New York City museums continue to provide culturally enriching relief from the summertime heat. Exhibitions this month feature innovative fashion brands, feminist art, decadent materials and more. Continue reading for our selection of NYC museum highlights in August.

The Morgan Library & Museum: “Sol LeWitt's  Wall Drawing 552D”

Installation: June 29 to August 22, 2018
Painting Phase begins July 30, 2018

The Morgan Library and Museum opens art making process of a Sol LeWitt with "Sol LeWitt’s Wall Drawing 552D” beginning on July 30, 2018.

Visitors have been invited to follow the installation in the Morgan’s Gilbert Court of the late Sol LeWitt’s “Wall Drawing 552D,” which presents a motif described by the artist as “not quite a cube.” With a tilted form producing an illusion of volume,  a black border interrupts it and preserves the flatness of the wall. First known for his modular sculptures based on variations of the cube, LeWitt radically transformed his medium in the late 1960s when he began making drawings directly on the wall. He conceived more than 1,200 wall drawings, in pencil, colored ink and acrylic. Ultimately all painted over, each wall drawing exists as a set of instructions that can be re-created on another wall by another person.

The drawing phase of Wall Drawing 552D, first executed in 1987, began at the Morgan on June 29, 2018. Visitors can witness the painting phase when it begins on July 30, 2018.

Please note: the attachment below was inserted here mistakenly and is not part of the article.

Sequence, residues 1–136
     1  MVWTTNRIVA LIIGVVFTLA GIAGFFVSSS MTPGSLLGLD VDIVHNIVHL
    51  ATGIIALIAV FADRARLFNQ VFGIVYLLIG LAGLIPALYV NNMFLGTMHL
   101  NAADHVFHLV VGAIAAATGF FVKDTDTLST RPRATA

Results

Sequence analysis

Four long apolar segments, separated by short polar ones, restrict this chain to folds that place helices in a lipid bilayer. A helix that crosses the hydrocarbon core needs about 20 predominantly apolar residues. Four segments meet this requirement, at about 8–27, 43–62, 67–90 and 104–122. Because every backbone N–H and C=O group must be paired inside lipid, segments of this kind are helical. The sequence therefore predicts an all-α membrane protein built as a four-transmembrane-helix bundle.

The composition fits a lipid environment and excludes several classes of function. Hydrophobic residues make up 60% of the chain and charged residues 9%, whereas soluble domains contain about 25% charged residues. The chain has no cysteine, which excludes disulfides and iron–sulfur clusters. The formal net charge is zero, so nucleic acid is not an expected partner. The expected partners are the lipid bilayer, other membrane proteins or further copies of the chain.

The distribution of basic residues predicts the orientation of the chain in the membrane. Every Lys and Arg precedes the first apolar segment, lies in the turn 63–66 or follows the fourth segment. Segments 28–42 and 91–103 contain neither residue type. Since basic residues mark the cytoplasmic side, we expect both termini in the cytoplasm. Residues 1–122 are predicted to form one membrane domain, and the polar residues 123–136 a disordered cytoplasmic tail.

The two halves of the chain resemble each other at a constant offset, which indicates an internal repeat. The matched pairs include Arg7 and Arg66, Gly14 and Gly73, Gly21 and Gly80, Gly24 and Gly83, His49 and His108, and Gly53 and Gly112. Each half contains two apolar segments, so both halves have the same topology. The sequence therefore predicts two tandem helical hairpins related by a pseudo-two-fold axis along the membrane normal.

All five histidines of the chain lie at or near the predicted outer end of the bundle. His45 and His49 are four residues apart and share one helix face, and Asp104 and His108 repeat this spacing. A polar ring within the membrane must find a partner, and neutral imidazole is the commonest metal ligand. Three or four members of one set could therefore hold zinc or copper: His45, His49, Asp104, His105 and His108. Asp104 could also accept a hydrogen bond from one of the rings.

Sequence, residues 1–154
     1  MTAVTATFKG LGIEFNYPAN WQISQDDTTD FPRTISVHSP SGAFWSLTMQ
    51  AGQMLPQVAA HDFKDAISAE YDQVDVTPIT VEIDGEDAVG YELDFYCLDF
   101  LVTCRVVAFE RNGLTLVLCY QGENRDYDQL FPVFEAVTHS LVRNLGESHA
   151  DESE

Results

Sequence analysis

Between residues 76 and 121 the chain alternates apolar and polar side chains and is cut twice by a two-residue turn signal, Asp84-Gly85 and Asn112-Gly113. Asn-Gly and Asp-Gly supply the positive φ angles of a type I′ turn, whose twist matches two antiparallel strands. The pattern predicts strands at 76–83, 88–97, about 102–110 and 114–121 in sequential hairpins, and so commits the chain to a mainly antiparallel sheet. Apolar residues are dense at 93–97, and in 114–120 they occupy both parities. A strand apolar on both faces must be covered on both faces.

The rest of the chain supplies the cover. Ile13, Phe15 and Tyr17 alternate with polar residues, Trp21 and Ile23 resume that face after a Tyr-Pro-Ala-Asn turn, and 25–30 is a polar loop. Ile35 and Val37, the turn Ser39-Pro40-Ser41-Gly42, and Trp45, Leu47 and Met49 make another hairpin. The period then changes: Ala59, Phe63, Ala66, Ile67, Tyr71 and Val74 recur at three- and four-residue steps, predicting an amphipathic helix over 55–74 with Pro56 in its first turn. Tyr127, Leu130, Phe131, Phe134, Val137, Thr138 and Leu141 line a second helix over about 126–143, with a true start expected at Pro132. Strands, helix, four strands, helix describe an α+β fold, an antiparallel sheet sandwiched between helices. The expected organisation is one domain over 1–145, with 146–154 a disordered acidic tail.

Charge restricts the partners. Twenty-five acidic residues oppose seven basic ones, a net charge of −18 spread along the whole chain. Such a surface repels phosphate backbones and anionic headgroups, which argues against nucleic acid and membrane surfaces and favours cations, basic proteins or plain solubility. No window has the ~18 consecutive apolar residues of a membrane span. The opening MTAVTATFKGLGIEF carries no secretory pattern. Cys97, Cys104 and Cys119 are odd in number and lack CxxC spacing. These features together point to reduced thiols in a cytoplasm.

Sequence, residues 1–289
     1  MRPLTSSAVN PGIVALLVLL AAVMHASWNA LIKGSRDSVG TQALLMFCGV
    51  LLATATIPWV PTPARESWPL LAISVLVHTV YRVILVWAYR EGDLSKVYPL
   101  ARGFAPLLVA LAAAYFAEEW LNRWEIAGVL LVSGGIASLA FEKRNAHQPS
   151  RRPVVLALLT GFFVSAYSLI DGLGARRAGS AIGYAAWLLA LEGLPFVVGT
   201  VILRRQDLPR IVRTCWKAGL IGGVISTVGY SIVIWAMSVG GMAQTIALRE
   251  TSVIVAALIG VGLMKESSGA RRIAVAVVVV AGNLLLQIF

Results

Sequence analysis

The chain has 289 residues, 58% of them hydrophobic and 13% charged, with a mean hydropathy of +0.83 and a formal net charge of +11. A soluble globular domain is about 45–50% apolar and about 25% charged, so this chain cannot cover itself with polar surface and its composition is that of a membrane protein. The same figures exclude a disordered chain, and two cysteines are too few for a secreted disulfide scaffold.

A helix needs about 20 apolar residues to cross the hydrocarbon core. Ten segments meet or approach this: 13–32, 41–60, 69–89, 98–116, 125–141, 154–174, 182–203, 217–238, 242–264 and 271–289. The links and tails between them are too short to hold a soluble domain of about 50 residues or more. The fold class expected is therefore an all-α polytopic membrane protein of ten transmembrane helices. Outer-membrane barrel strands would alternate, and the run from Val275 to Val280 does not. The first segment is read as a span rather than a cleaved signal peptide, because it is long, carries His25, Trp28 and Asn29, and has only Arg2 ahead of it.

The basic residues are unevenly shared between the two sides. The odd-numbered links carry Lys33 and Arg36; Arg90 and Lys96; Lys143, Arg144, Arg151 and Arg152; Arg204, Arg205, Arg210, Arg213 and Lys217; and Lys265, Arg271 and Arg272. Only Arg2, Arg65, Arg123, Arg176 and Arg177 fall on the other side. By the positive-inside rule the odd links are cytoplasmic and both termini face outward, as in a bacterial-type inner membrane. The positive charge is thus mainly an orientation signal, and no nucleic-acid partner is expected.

The Morgan Library & Museum is located at 225 Madison Ave, New York, NY 10016.

Click here for exhibition details


"Wall Drawing 552D" by Sol LeWitt. Color ink wash, dimensions variable. First Drawn by David Higginbotham, Linda Taylor, Jo Watanabe. First Installation: Royal Scottish Academy, Edinburgh, Scotland, December 1987. Gift of the LeWitt Family in Honor of Richard and Ronay Menschel. © 2018 The LeWitt Estate / Artists Rights Society (ARS), New York. Courtesy Paula Cooper Gallery, New York and The Morgan Library & Museum.


The Whitney: “Eckhaus Latta: Possessed”

August 3 through October 8, 2018

The Whitney Museum will present “Eckhaus Latta: Possessed,” the first solo museum show of the design team’s work.

Started by Mike Eckhaus and Zoe Latta in 2011 after the two met at the Rhode Island School of Design, Eckhaus Latta is a New York and Los Angeles-based fashion label that plays with and against the conventions of the fashion industry while addressing the crosscurrents of desire, social relations and consumption. Using unexpected materials, emphasizing texture and tactility, and incorporating writing, performance and video into their practice, the duo belong to a new generation of designers operating at the intersection of fashion and contemporary art.

The crux of the three-part installation is an operational retail environment in which visitors may touch, try on and purchase clothing and accessories designed specifically for the space. The everyday elements of a retail space, from the clothing racks to the dressing room, were created by more than a dozen artists in dialogue with the designers. Photographs playing on the tropes of iconic fashion photo spreads will also be on display, juxtaposing the polished look of the industry’s media with Eckhaus Latta’s unique aesthetic. The final part of installation is a darkened room featuring a bank of screens depicting surveillance footage of the installation. Evocative of a security room, the voyeuristic view gives visitors a glimpse into the tracking and surveillance that often accompanies the experience of shopping.

The Whitney Museum of American Art is located at 99 Gansevoort St, New York, NY 10014.

Click here for exhibition details.